Located in the coaxial region of the resonators between mirror 66 and mirror 52 is an optically nonlinear crystal 60 (LGSE in this example) cut for type-II difference-frequency generation. Mirror 66 is coated for maximum reflection at the two fundamental wavelengths and maximum transmission at the difference frequency wavelength. Radiation having the difference frequency is generated in a double pass of the fundamental radiation through the crystal and exits the apparatus via mirror 66.
A difference-frequency output at a wavelength of about 9700 nm can be generated in LGSE if the wavelength of F1 is about 1064 nm and the wavelength of F2 is about 959 nm. The crystal is preferably cut such that radiation propagates in the X-Z plane of the crystal (Φ=0) with a phase matching angle of about 54° at a temperature 293° K. In this arrangement, there is a walk-off angle of about 23.8 milliradians in the crystal between the 1064 nm radiation and the 959 nm radiation. This limits the interaction length between the two radiations to about 1.0 mm for beam diameters of 50.0 μm in the crystal. LGSE, however, has a relatively very high Deff of about −6.62 pm/V and initial calculations indicate that for a pump power of 70 W delivered to each OPS-structure a single-mode output power of at least about 3.5 W at 9700 nm (9.7 μm) is possible. This indicates that the inventive apparatus has efficiency comparable to the efficiency of low power, sealed-off, waveguide CO2 lasers at the same output wavelength.
Apparatus 50, while described here as a difference-frequency generator can be considered as a collinearly pumped OPO in which the 959 nm radiation is the pump radiation and resonator 12A is the signal-wavelength resonator and in which the idler-wavelength power is boosted by adding additional radiation at the signal wavelength (1064 nm) through the of OPS-structure 14A. In an apparatus 50 without an OPS-structure 14A in resonator 12A the 9700 nm output power would be only about 1.2 W
It should be noted here that apparatus 50 is not limited to generating the 9700 nm wavelength of the above-discussed example. Longer or shorter wavelengths may be generated depending on the choice of the material of optically nonlinear crystal 60.
In summary, the present invention is described above with reference to a preferred and other embodiments. The invention, however, is not limited to the embodiments described and depicted herein. Rather the invention is limited only by the claims appended hereto.
|Cited Patent||Filing date||Publication date||Applicant||Title|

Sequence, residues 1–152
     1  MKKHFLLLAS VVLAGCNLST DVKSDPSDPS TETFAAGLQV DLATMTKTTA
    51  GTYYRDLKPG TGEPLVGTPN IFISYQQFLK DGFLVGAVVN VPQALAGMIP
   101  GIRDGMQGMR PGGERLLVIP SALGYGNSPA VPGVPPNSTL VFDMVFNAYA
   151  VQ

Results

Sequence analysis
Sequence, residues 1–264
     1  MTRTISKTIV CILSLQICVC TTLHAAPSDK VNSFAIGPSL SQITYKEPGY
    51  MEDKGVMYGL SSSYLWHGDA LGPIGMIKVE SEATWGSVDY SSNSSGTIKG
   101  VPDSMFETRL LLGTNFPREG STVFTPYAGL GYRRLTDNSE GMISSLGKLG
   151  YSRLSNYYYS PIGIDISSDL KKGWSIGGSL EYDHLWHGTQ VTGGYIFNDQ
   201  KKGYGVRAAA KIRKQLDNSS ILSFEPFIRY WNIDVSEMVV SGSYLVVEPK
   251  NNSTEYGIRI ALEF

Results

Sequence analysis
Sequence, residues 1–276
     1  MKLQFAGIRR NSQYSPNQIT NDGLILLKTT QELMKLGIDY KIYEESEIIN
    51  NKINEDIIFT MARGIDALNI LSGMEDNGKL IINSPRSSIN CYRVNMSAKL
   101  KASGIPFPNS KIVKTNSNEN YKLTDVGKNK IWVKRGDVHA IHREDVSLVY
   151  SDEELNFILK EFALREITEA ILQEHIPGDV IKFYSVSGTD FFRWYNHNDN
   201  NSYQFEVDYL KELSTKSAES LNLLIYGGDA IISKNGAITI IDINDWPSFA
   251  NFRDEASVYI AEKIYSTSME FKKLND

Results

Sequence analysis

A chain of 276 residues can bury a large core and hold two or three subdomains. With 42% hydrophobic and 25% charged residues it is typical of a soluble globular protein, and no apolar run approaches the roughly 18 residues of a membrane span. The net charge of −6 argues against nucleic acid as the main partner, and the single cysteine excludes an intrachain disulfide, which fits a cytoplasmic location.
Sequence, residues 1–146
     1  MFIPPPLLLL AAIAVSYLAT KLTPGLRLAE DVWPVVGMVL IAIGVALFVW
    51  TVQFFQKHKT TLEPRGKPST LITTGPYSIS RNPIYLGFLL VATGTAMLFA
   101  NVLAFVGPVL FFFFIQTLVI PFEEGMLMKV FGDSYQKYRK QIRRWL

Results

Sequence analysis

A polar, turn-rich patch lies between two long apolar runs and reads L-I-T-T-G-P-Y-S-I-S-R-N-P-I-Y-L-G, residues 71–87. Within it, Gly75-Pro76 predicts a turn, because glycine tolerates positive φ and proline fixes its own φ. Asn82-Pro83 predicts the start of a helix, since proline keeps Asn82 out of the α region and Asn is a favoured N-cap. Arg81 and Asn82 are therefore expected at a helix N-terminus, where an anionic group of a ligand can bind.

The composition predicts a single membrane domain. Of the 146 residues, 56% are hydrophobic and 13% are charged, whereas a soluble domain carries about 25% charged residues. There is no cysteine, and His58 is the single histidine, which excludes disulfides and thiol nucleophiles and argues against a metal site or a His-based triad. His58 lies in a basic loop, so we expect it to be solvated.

|US5870415 *||Jun 4, 1997||Feb 9, 1999||Biophotonics Information Laboratories Ltd.||Lasers|
|US5991318 *||Oct 26, 1998||Nov 23, 1999||Coherent, Inc.||Intracavity frequency-converted optically-pumped semiconductor laser|
|US6097742||Mar 5, 1999||Aug 1, 2000||Coherent, Inc.||High-power external-cavity optically-pumped semiconductor lasers|
|US6130900 *||Mar 5, 1999||Oct 10, 2000||Coherent, Inc.||Pulsed intracavity frequency-converted solid-state laser with long-pulse simulation|
|US6370168 *||Oct 20, 1999||Apr 9, 2002||Coherent, Inc.||Intracavity frequency-converted optically-pumped semiconductor laser|
|US6680956 *||Feb 13, 2002||Jan 20, 2004||Aculight Corporation||External frequency conversion of surface-emitting diode lasers|
|US6693941 *||Sep 7, 2000||Feb 17, 2004||Fuji Photo Film Co., Ltd.||Semiconductor laser apparatus|
|US7079557 *||Oct 2, 2003||Jul 18, 2006||Phtonics Industries Int'l||Intracavity OPO laser|
|USH2122 *||Feb 22, 2000||Sep 6, 2005||The United States Of America As Represented By The Secretary Of The Air Force||Diode pumped optical parametric oscillator|
|Citing Patent||Filing date||Publication date||Applicant||Title|
|US7991026||Jun 19, 2009||Aug 2, 2011||Coherent, Inc.||Intracavity frequency-converted optically-pumped semiconductor laser with red-light output|
|US8243765||Aug 14, 2012||Coherent, Inc.||Intracavity frequency-converted optically-pumped semiconductor optical parametric oscillator|
|US8477410||Feb 8, 2011||Jul 2, 2013||Coherent, Inc.||Optical parametric oscillator pumped by femtosecond thin-disk laser|
|US8891563||Jul 10, 2012||Nov 18, 2014||Coherent, Inc.||Multi-chip OPS-laser|
|US9188833||Feb 1, 2012||Nov 17, 2015||Coherent, Inc.||Optical parametric oscillator pumped by femtosecond thin-disk laser|
|US9190798||Nov 20, 2014||Nov 17, 2015||Coherent, Inc.||Optical parametric oscillator with embedded resonator|
|US20100321765 *||Sep 17, 2009||Dec 23, 2010||Coherent, Inc.||Intracavity frequency-converted optically-pumped semiconductor optical parametric oscillator|
|US20100322270 *||Jun 19, 2009||Dec 23, 2010||Coherent, Inc.||Intracavity frequency-converted optically-pumped semiconductor laser with red-light output|
|U.S. Classification||372/22, 372/21, 372/92, 372/23, 372/94|
|International Classification||H01S3/083, H01S3/10, H01S3/08|
|Cooperative Classification||H01S5/14, H01S3/082, G02F1/39, H01S3/1083, H01S3/109|
|Jun 15, 2007||AS||Assignment|
Owner name: COHERENT, INC., CALIFORNIA
Free format text: ASSIGNMENT OF ASSIGNORS INTEREST;ASSIGNORS:CAPRARA, ANDREA;SPINELLI, LUIS A.;AUSTIN, R. RUSSEL;REEL/FRAME:019453/0456
Effective date: 20070522
|Apr 11, 2012||FPAY||Fee payment|
Year of fee payment: 4
|Apr 20, 2016||FPAY||Fee payment|
Year of fee payment: 8